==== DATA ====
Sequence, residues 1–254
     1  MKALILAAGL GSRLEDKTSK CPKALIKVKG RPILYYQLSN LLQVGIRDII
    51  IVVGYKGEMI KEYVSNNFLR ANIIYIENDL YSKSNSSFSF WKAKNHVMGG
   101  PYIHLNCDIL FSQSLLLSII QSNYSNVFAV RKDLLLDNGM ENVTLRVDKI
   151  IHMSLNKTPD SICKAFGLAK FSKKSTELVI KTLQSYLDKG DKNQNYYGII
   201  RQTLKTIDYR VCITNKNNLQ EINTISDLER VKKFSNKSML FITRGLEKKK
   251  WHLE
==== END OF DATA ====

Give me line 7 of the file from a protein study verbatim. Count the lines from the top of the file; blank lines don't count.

   251  WHLE